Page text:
Conspiracy Theories Abounded in 19th-Century American Politics
Rumors of secret alliances, bank deals, and double-crossings were rampant in early American elections
By Mark R. Cheathem, Zocalo Public Square
From claims that NASA faked the moon landing to suspicions about the U.S. government’s complicity in the assassination of John F. Kennedy, Americans love conspiracy theories. Conspiratorial rhetoric in presidential campaigns and its distracting impact on the body politic have been a fixture in American elections from the beginning, but conspiracies flourished in the 1820s and 1830s, when modern-day American political parties developed, and the expansion of white male suffrage increased the nation’s voting base. These new parties, which included the Democrats, the National Republicans, the Anti-Masons, and the Whigs, frequently used conspiracy accusations as a political tool to capture new voters—ultimately bringing about a recession and a collapse of public trust in the democratic process.
During the early decades of the American republic, the Federalist and Jeffersonian Republican Parties engaged in conspiratorial rhetoric on a regular basis. Following the War of 1812, the Federalist Party faded from the political landscape, leaving the Republicans as the predominant national party. Their hold was so great that in 1816 and 1820, James Monroe, the Republican presidential candidate, ran virtually unopposed, but in 1824, the Republicans splintered into multiple and disparate factions. Five viable candidates ran in that election cycle, and John Quincy Adams won the presidency.
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Mark R. Cheathem is professor of history and project director of the Papers of Martin Van Buren at Cumberland University. He is the author of The Coming of Democracy: Presidential Campaigning in the Age of Jackson.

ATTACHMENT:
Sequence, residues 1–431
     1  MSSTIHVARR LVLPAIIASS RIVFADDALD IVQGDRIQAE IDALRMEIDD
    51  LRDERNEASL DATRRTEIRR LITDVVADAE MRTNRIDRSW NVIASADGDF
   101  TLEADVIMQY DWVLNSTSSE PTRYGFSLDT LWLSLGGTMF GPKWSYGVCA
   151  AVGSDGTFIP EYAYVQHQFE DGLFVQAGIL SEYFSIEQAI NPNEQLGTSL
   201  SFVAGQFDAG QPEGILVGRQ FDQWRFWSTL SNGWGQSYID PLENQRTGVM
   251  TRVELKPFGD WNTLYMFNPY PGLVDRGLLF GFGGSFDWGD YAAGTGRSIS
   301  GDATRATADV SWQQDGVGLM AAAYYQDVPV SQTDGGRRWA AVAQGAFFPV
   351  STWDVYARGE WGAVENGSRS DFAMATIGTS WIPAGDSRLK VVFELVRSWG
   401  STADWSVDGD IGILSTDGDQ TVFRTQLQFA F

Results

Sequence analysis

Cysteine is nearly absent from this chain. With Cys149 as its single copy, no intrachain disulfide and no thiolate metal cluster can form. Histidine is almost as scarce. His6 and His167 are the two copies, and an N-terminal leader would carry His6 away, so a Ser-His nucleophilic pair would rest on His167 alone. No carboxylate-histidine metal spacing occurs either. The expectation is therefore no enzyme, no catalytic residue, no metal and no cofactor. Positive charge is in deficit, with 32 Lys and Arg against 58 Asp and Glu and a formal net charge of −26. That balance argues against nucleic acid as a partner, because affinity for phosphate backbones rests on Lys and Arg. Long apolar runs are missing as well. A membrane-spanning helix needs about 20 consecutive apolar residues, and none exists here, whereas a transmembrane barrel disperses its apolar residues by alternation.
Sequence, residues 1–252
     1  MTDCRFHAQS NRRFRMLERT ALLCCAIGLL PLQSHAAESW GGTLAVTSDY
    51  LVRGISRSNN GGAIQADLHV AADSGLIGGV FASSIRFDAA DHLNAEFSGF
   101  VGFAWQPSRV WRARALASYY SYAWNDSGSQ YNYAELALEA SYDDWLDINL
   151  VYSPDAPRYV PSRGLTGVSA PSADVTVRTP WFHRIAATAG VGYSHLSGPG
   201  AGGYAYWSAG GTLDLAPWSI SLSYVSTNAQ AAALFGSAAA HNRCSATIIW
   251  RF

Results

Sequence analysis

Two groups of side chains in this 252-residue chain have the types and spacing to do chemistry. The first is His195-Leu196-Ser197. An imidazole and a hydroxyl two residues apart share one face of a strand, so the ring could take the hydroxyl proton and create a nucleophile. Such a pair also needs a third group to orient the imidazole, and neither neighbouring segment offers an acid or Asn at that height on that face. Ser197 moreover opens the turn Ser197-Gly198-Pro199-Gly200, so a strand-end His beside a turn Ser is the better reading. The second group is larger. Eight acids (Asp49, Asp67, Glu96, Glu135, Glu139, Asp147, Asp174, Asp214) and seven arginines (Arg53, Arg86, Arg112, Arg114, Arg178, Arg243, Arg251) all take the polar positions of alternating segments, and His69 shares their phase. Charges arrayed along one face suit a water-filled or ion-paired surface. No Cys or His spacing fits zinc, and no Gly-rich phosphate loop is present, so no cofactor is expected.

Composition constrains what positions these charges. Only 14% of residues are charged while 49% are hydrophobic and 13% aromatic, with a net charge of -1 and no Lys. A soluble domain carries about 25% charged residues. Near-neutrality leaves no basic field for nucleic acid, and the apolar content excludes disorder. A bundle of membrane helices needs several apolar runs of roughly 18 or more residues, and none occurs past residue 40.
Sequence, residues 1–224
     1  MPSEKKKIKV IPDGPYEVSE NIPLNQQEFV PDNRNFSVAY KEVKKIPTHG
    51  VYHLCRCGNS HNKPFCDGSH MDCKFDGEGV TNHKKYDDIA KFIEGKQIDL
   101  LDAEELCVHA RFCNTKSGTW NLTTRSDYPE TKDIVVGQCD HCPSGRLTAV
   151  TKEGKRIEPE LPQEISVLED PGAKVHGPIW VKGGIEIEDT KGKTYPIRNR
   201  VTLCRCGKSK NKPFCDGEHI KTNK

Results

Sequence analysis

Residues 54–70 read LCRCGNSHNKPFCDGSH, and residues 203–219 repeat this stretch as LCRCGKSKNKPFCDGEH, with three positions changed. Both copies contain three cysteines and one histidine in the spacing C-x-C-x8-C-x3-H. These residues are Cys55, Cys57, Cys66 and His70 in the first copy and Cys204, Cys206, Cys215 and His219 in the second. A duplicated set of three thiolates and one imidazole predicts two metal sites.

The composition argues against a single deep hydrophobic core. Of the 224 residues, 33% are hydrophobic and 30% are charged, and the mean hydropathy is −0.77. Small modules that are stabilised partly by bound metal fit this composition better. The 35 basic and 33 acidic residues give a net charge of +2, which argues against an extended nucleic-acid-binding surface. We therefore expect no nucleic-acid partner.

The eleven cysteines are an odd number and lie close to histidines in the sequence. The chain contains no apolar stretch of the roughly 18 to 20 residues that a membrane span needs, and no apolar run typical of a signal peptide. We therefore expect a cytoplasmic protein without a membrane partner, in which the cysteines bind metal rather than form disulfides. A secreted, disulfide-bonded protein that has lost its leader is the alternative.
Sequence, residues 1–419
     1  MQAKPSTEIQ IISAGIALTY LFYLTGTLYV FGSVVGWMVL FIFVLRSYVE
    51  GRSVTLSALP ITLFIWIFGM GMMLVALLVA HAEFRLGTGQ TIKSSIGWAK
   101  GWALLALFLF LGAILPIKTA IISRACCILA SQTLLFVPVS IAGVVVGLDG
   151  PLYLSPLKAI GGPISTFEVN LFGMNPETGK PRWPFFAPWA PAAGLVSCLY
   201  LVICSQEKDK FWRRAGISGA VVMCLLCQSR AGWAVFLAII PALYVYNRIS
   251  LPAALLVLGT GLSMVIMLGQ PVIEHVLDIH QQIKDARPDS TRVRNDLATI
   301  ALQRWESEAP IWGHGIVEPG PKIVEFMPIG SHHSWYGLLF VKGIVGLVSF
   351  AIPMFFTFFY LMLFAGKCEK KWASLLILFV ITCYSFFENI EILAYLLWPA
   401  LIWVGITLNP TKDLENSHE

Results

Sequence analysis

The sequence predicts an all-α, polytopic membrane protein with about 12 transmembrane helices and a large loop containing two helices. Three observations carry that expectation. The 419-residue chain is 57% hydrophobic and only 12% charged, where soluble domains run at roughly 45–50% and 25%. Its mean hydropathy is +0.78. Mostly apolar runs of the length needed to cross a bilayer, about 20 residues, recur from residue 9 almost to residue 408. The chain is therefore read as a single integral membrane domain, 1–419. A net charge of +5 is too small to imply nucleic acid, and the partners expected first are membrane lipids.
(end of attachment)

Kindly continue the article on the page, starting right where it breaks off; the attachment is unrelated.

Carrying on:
This essay is part of What It Means to Be American, a project of the Smithsonian’s National Museum of American History and Arizona State University, produced by Zócalo Public Square.
Carol graduated from Riverside White Cross School of Nursing in Columbus, Ohio and received her diploma as a registered nurse. She attended Bowling Green State University where she received a Bachelor of Arts Degree in History and Literature. She attended the University of Toledo, College of Nursing, and received a Master’s of Nursing Science Degree as an Educator.
She has traveled extensively, is a photographer, and writes on medical issues. Carol has three children RJ, Katherine, and Stephen – one daughter-in-law; Katie – two granddaughters; Isabella Marianna and Zoe Olivia – and one grandson, Alexander Paul. She also shares her life with her husband Gordon Duff, many cats, and two rescues.
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19th century Americans couldn’t have had conspiracy theories. The CIA was not blackmailing Washington yet and the term had not been created to intimidate school teachers. The conspiracies were real and in your face.
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